Can you imagine a school where grandmothers, mothers, fathers can be greeted with empathy when they have to pick up a child who was “acting out” at school? Can you imagine a school where teachers and all staff have an understanding of how to connect with both children and parents in challenging situations? Here at Echo, we are invested in transforming individual families and whole communities with the trauma-informed nonviolent approach to child-raising, and this is how the The Sally Ride Whole School Pilot Project was born. This project will support the whole school community – parents, students and school staff (teachers, yard staff, cafeteria staff, anyone who comes in contact with a student) – and give them the opportunity to learn about trauma: what it is, how to recognize it, and how to practice regulation techniques. Together, we adults will look at our own childhoods, to experience what we call at Echo, ‘the paradigm shift’. That is the moment when we realize how toxic our conditioning in the punishment and reward paradigm has been, remember what it is like when adults seek to control our behavior and don’t look beneath to find the pain or the stress that is causing us to ‘act out’ or remain hidden by making ourselves as small as possible.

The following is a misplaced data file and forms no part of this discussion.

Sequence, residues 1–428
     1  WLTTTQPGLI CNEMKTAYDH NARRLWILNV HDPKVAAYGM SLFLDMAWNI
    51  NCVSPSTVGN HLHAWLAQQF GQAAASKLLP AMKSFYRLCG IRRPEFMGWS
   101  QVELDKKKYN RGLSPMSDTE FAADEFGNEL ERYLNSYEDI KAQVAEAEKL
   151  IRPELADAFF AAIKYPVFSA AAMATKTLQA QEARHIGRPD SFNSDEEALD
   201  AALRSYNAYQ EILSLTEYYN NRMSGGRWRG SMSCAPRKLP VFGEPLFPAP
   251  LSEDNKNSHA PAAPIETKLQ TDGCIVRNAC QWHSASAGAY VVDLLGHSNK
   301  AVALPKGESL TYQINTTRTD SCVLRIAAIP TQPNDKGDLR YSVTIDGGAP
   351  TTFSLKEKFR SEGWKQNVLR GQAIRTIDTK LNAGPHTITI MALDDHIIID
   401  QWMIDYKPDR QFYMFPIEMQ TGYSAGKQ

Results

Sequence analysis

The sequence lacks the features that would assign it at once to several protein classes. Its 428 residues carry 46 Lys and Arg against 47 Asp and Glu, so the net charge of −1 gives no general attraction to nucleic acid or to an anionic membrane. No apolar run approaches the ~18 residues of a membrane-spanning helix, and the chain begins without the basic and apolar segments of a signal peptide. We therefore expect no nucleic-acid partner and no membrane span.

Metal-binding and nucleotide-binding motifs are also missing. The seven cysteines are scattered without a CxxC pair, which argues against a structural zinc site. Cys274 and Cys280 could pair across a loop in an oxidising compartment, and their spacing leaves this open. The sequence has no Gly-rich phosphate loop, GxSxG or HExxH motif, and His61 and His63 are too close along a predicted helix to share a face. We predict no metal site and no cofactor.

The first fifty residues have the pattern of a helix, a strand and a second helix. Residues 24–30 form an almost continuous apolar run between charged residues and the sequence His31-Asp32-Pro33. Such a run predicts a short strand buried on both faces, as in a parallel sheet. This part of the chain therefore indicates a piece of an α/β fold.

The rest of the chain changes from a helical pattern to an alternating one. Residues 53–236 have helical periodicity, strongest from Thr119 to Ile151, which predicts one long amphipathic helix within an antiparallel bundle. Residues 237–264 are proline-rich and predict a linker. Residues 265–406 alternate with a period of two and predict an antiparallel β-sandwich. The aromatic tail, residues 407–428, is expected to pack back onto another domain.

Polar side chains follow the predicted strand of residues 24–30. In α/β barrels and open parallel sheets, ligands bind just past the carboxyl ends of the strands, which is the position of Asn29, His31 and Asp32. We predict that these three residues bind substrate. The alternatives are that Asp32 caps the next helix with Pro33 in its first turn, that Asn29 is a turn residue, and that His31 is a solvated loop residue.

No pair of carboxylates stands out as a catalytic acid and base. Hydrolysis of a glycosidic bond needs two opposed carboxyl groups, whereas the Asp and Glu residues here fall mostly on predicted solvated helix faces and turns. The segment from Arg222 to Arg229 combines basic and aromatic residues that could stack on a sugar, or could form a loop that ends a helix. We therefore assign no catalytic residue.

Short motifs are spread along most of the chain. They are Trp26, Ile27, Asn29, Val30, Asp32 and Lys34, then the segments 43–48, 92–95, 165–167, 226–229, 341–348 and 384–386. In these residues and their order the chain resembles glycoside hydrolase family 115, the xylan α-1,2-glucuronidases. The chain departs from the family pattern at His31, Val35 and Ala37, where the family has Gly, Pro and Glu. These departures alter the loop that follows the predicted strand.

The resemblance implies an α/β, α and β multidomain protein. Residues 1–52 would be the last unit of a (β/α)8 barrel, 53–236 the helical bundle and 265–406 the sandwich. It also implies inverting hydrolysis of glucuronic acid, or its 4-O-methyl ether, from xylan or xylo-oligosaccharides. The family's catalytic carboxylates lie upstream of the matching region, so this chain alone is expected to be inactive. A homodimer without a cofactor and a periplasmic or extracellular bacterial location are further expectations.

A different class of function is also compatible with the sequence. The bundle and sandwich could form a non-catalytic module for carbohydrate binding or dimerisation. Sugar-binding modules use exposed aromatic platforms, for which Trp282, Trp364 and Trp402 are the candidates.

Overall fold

The launch of this ambitious and transformative project took place September 18, 2014 with an Ice Cream Social at the school. We are very grateful to The California Endowment whose support has made this project possible. Click here for details about the Sally Ride Whole School Project.

Peace Corners and a Good Day for Flying

by Louise Godbold, Co-Executive Director
Could it actually work? That is the question we’ve been asking ourselves ever since starting our Trauma-Informed, Nonviolent Whole School pilot project at Sally Ride Elementary. Not out loud, of course, but in the dead of the night when the overwhelming nature of transforming a whole school community on a modest budget in less than one year seems difficult at best, sheer lunacy at worst.

cathyThe Principal at Sally Ride, Catherine Daley, has blurred edges, she is always moving so fast. Her cheerful optimism when it comes to the school, to the students, to the families, is unflagging: She is the embodiment of hope. The staff is overworked, under-resourced, and working in an impacted community, but Cathy’s enthusiasm is catching. That’s why at least 15 of them assembled this Saturday for our first attempt to bring parents and teachers together in a community that is either fearful or in awe of teachers, and where teachers have little information on their students’ families.

Earlier in the day, the teachers gathered to review some of the practical tools they can use in the classroom with our senior trainer, Ariel Wrye. We were intrigued by the reports on ACES Connection about elementary schools using ‘peace corners’ and figured we would introduce the concept to the teachers. It’s like reading about someone who built an airplane and managed to get it to fly. We copied the design, but would anyone actually be audacious enough to take it for a spin?